US Air Force Lt Col Lawrence Spinetta and M.L. Cummings make an interesting point in this Armed Forces Journal piece, edited by my former editor at Defense News and good friend Brad Peniston.
The two authors assert that the USAF risks irrelevance in future conflicts by what they perceive as the service's abandonment of unmanned aircraft in favor of traditional air power capabilities. Without former Secretary of Defense Robert Gates to twist the USAF's arm, the service is "rolling back the inroads made by unmanned aircraft," they argue.
They cite the USAF's move to cull the problem-plagued RQ-4B Block 30 Global Hawk from the service's fleet as one example of this. They cite the USAF's decision not to move forward with the MQ-X next generation unmanned aircraft as another such move (but no mention of the USAF's explanation of why that decision was made). And they point to the Air Force's decision to cut General Atomics MQ-9 Reaper production in half from 48 to 24 as yet another example.
"The Air Force's abandonment of its UAS Flight Plan not only squanders this promising growth opportunity, it unwisely conjoins the service's future to the life cycle of manned combat aircraft," the article reads.
The men damn the Lockheed Martin F-22 Raptor for not having flown a single combat mission to date, citing US Senator John McCain, who called the stealthy fifth-generation jet "largely irrelevant to the most predominant current threats to national security -- terrorists, insurgencies and other non-state actors." But they heap praise on the Predator and Reaper.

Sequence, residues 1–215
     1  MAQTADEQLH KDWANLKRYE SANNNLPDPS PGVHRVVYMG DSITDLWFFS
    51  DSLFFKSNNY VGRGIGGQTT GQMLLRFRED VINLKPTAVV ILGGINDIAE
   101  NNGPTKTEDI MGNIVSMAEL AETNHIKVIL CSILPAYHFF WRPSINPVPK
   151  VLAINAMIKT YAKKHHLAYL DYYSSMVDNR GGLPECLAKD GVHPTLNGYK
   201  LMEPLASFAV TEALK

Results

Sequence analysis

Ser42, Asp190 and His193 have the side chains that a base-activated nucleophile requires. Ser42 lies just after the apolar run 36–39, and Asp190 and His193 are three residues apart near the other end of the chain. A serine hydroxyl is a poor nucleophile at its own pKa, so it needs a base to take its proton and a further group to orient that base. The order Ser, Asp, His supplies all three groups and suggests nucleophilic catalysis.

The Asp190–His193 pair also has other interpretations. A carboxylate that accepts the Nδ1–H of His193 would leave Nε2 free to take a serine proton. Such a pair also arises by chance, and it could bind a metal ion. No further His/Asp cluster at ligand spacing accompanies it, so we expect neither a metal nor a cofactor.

Spinetta and Cummings appear to take as gospel the air power theories of former Defense Secretary Robert Gates--which are privately (or sometimes quite openly--one particular retired officer had some choice words to describe Gates' views on air power) derided by many former USAF leaders. Spinetta, particularly, is known as a vocal advocate of unmanned aircraft.
Moreover, the authors seem to be largely focused on the types of conflicts that the United States has been fighting over the past decade--mostly the counterinsurgency type of fight. They don't seem to take into account the strategic pivot towards the Pacific that US President Barack Obama announced earlier in the year. There is no mention of the challenges current unmanned aircraft would face in the anti-access/area denial environments found in the Western Pacific. Nor do they seem to acknowledge the challenges than even a next generation stealthy unmanned aircraft might face in those environments--communications being one such example.
Just recently, speaking at an event hosted by the Center for Strategic and International Studies, Air Combat Command chief General Mike Hostage told a crowd of Washington DC think tank analysts and defense reporters that the current fleet of unmanned aircraft is irrelevant as the US shifts its gaze towards the Pacific theatre.
"We are now shifting to a theatre where there is an adversary out there who is going to have a vote on whether I have that staring eye over the battlefield 24[hours], seven [days a week], 365 [days a year], and pretty certain they are not going to allow that to happen," he says. "The fleet I've built up--and I'm still being prodded to build up too--is not relevant in that new theatre."